News Release

Do Military Enlistees Actually “Know What They Are Getting into”?


Following the death of Sergeant La David T. Johnson in Niger, Johnson’s family reported that President Donald Trump told them Johnson “knew what he signed up for.” Trump Chief of Staff John Kelly, in attempting to explain Trump’s remark also stated Johnson “knew what he was getting himself into.” While this has received a fair amount of attention in terms of the appropriateness of such remarks, few have examined whether or not military enlistees like Johnson do know what they are signing up for.

PAT ELDER, pelder at, @studentprivacy
Author of the recently released book Military Recruiting in the United States, Elder is director of the National Coalition to Protect Student Privacy, an organization that confronts militarism in the schools. His  pieces for Truthout include: “The Junior Reserve Officer Training Corps Is Not A Substitute For Education.”

Elder argues that between economic pressures, racial prejudices, lack of educational opportunities and deceit in the military recruitment process faced by many enlistees, they frequently don’t actually know what they are signing up for.

He said today: “Johnson graduated from Miami Carol City Senior High School in 2010. The school is 99 percent minority with 86 percent identified as economically disadvantaged. Just 14 percent of the students are proficient in math and 23 percent are proficient in English. The school’s college readiness index is a 7.5 on a scale of 0 to 100. Trayvon Martin also attended Miami Carol.

“Miami Gardens, where La David lived, is a city of 110,000 that is 98 percent African-American and Hispanic. Over half of the city’s population were stopped by police between 2008 and 2013. Miami Gardens is one of the most crime-ridden cities in America. The murder rate is three times the national average.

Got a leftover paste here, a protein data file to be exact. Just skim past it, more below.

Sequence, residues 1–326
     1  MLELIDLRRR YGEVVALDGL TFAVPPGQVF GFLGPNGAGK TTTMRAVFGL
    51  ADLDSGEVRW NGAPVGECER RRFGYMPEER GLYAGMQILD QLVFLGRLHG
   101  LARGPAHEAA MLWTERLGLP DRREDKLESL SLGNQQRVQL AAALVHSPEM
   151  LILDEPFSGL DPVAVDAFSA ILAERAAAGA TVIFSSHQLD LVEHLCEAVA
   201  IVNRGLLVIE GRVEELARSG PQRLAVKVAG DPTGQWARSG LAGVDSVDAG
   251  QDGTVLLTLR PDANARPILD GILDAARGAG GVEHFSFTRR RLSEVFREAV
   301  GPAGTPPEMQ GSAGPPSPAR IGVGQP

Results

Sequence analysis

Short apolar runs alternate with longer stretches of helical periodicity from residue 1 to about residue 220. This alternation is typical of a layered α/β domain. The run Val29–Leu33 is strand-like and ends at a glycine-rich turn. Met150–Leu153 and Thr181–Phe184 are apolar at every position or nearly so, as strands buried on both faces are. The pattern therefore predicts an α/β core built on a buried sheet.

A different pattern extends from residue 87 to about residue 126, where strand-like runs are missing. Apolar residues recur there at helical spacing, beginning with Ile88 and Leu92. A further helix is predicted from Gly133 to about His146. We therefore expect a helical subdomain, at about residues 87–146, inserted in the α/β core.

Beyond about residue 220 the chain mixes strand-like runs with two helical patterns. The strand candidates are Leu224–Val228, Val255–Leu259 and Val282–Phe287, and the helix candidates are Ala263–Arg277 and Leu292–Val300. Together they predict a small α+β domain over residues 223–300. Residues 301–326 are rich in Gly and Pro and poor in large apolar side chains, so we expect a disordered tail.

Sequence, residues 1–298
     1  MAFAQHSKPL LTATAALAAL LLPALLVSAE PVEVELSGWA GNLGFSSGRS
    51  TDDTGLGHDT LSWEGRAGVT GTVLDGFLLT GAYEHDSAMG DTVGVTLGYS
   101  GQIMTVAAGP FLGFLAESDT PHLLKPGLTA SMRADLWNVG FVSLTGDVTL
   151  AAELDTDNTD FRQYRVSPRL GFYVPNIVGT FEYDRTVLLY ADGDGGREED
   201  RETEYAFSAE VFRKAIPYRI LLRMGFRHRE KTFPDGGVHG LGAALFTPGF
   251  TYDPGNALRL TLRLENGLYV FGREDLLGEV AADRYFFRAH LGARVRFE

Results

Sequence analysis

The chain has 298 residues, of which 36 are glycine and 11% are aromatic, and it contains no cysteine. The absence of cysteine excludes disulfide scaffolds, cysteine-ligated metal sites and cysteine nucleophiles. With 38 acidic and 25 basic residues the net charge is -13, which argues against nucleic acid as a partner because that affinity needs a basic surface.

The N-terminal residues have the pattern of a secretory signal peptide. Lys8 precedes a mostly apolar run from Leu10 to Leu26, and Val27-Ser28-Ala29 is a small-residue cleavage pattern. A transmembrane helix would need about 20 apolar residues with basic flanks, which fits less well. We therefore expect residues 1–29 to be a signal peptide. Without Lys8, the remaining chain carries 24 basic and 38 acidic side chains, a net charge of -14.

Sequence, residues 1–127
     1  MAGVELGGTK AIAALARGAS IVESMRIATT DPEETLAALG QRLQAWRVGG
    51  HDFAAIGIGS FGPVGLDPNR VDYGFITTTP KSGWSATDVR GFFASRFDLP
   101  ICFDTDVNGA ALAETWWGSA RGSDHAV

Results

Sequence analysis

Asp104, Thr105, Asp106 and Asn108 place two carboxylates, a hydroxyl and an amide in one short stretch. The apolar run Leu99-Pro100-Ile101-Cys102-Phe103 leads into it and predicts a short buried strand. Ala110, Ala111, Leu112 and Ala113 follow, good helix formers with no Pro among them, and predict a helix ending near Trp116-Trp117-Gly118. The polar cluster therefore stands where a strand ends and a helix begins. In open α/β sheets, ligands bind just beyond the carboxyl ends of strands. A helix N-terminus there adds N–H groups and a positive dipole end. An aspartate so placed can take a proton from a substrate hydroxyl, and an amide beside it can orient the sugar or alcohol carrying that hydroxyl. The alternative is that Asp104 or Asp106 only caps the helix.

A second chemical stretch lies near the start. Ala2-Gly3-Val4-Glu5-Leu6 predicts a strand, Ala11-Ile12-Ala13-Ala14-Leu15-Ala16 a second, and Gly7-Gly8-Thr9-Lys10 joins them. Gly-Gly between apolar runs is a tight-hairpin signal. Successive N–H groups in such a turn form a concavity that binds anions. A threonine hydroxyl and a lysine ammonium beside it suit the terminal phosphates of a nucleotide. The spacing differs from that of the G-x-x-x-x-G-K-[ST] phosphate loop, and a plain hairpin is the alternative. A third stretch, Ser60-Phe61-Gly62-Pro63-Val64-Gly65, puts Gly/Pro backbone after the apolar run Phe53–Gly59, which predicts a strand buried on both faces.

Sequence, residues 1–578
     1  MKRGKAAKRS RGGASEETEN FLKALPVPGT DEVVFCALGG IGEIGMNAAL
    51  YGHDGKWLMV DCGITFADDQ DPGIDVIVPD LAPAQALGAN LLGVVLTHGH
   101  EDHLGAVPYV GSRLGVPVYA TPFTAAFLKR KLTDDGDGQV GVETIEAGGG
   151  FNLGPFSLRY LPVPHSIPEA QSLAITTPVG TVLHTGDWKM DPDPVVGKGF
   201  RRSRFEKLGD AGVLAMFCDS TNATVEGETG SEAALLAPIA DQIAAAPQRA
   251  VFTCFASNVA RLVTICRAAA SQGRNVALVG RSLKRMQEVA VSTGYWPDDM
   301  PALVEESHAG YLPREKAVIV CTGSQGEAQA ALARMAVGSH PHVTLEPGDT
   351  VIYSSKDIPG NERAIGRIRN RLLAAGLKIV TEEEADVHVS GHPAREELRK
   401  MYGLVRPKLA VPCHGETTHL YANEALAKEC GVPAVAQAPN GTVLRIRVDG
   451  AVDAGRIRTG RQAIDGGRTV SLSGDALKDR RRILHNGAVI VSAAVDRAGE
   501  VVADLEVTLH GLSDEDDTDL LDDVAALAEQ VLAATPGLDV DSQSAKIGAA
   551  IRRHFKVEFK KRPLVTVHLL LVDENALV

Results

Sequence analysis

“La David’s daughter was born in 2011, the year after he graduated from high school. He worked in the produce department at the local WalMart. In 2014, he married Myeshia Manual and enlisted in the Army as a wheeled vehicle mechanic. He wanted to take care of his wife and child.

“Like others, La David’s enlistment was a gamble that he hoped would provide a way out of poverty without getting killed or seriously injured. …

“Misrepresentation is rampant in the military recruiting process. The top seven lies recruiters tell are:

“1. Your chances of being sent to a combat zone are slim.

“2. It’s fairly easy to get out if you don’t like it.

“3. You’ll get the job on your enlistment contract.

“4. If you refuse to ship out to basic training you will go to jail.

“5. Once you complete your enlistment you can get out and won’t be called back again.

“6. You’ll get the location you want.

“7. You don’t have to disclose your mental health issues.

“Currently, over 40 percent of those who enlist do not make it through their first term. For many, this is because of unrealistic expectations based on the lies proffered by the recruiting command. There were more than 20,000 deserters from the Army alone during the period from 2006 to 2014. Desertion is so common the military often looks the other way. The Army has pursued just 1,900 cases of desertion since 2001, and most of these prosecutions have resulted in little more than a slap on the wrist. The perpetual demand for new recruits, coupled with a military recruiter quota system, conspires to bring vast numbers of pathetic souls into an unforgiving, hostile environment that discards pitiful, failing youth like scrap materials filling military landfills.”